Well, I would say initially the most important thing is our vision. On the one hand, we really like the Internet. As you said at the outset, it’s an amazing tool. We can speak to one another all around the world in a very easy, straightforward way. But on the other hand, I really hate the Internet because I think up to now it really promoted shallowness in the way people think. And it was much more cacophony than symphony. So we know, first of all, it was all about the value of freedom of speech. And back in 2011, I think even Mark Zuckerberg was very proud of the Arab Spring that he thought was helped by Facebook and by other platforms because of freedom of speech. But then I think since 2014, and especially in the last three years or so, we’ve seen post-truth. Right. And we’ve seen the price of this very shallow thinking and the fact that we allow people to argue that the earth is flat and we allow people to argue that immunization is really risky and all kind of stupid stuff that the younger generation, you know, they cannot judge because they hear every different view that they would like. So we decided we want to do something on that. And of course, there are many people who are trying to do things, so we try to do our little contribution. You know, it’s not for us to finish the world, but we cannot decide not to do it. So we built a platform that was designed from the first moment to promote deeper discussions, more reliable discussions, more diverse discussions. So we actually took all kinds of principles that we learn and we know from philosophy, from Judaism, from the Talmud, from decision-making processes and studies, and we tried to implement them within the software. It’s a discussion board, but where we implemented in the software some major principles, very simple ones, but still very important ones, to allow a more rigorous, rational, deeper discussion. And then we implemented some very unique algorithms that we actually invented and patented that will analyze the structure, the rigorous discussion, and will assign a score to each of the different views, will monitor how diverse the discussion is, will try to manage and streamline the discussion into a better, more reliable way of discussing things.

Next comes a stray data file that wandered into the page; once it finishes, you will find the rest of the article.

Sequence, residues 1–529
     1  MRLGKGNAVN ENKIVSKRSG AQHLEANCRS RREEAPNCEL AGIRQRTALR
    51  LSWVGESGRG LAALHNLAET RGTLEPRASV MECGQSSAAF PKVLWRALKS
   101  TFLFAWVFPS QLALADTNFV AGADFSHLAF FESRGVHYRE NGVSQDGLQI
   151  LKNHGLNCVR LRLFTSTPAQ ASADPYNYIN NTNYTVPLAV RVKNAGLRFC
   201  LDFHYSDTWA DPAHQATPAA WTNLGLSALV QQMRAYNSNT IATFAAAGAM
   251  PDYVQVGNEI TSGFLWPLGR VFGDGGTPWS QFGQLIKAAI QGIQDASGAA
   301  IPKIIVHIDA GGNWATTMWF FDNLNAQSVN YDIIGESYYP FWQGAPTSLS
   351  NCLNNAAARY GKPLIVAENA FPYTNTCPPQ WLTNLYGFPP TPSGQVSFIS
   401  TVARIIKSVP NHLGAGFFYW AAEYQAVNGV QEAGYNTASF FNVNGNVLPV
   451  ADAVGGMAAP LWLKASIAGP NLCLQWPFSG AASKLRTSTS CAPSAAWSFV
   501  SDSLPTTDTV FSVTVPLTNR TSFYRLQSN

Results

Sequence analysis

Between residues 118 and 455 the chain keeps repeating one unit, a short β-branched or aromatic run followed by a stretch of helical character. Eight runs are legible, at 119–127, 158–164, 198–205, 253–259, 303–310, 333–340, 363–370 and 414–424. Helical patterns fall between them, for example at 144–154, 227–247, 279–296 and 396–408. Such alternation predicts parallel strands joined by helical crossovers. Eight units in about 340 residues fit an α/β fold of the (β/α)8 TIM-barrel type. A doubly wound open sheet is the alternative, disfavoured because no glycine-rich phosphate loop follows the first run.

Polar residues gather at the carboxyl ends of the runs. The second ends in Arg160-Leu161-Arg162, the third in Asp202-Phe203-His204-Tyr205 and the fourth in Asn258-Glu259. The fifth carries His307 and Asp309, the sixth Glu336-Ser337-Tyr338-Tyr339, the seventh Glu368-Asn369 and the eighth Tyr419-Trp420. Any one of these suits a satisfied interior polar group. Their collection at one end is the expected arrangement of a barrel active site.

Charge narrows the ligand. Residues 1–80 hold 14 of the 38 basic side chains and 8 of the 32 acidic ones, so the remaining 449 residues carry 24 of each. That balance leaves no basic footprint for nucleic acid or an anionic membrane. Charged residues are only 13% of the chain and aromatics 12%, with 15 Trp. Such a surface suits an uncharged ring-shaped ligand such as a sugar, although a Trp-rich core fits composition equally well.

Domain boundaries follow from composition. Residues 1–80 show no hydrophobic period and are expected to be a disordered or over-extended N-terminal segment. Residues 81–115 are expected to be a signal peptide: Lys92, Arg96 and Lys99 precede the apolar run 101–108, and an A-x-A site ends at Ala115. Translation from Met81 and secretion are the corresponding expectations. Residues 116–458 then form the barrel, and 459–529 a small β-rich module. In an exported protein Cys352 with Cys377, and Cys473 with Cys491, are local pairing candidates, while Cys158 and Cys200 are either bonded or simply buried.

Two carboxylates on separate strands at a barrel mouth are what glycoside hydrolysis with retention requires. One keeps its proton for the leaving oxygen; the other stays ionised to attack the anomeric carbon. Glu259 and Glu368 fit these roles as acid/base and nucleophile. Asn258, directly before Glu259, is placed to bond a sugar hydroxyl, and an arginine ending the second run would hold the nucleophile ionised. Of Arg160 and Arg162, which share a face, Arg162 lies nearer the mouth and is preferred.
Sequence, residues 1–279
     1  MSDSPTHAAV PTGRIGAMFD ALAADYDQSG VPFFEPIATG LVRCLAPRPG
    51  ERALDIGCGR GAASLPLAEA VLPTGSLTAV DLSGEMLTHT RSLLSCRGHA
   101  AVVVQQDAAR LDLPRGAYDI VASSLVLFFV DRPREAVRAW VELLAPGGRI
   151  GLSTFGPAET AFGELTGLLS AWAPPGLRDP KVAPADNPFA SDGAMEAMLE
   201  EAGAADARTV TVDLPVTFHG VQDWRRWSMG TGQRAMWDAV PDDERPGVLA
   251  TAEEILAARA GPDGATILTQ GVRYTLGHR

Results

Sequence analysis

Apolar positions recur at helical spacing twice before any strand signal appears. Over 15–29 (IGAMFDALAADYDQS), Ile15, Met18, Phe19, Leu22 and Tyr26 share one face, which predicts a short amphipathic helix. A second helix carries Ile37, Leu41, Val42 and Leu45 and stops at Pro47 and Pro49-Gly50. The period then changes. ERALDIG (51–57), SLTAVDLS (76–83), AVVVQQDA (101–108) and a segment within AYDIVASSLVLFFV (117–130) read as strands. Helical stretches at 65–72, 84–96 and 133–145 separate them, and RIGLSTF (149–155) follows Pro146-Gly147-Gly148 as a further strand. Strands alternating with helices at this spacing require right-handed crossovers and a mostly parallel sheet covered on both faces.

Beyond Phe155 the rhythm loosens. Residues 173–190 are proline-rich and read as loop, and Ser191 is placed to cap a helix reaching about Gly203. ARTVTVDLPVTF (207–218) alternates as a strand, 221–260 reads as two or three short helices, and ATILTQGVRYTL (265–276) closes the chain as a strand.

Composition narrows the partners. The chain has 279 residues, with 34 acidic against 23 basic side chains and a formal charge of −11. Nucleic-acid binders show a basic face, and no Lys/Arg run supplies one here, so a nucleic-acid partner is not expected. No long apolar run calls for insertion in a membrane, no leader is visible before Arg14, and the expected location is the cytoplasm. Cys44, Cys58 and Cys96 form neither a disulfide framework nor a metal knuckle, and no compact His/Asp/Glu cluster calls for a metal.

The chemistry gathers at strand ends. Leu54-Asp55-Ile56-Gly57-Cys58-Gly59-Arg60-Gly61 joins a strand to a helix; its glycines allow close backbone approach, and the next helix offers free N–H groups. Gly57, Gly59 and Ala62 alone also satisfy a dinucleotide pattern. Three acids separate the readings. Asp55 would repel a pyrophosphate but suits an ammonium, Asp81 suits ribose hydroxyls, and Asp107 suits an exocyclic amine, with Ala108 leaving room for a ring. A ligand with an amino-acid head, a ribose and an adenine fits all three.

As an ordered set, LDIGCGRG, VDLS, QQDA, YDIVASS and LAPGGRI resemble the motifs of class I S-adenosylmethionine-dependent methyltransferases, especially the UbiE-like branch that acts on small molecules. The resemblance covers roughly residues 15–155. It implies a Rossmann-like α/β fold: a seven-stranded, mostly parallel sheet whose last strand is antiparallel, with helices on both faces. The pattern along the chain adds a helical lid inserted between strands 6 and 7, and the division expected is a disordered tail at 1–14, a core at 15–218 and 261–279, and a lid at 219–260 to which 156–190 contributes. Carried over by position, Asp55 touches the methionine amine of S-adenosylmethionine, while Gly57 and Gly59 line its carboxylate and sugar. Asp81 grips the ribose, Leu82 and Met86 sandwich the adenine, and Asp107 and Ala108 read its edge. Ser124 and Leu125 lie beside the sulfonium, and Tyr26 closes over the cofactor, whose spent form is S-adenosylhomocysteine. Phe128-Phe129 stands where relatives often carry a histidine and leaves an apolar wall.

Ari Lamm [00:08:18] 

So is the upshot of what you’re learning, I guess you can kind of think about the philosophical history of decision making, if you like really want to oversimplify it, it’s kind of like Aristotle versus Hume or maybe Descartes versus Hume. So are humans reasoners with some annoying emotions around the margins, or are they emotional creatures with some facade of reason at the storefront? So you can go back and forth about who’s right, who’s wrong. But what you guys are doing is essentially saying, well, whoever is right, even if you assume that Hume is right, we can help humans be more reasonable by using sort of extra-human tools. Right. So is that essentially what you guys are doing? 

 

Joab Rosenberg [00:08:57] 

Exactly. And I do think they’re both right, right? There are some sides of the human which are not so reasonable. They’re emotional, if you would like, or irrational. But I think mainly when we discuss things and we try to take decisions together, it’s more the rational side of the human being that is being exercised. By the way, also, in the modern time, you could think of two Nobel Laureates in Behavioral Psychology. So Kahneman was more on the side of, you know, presenting to us the irrational side of human beings.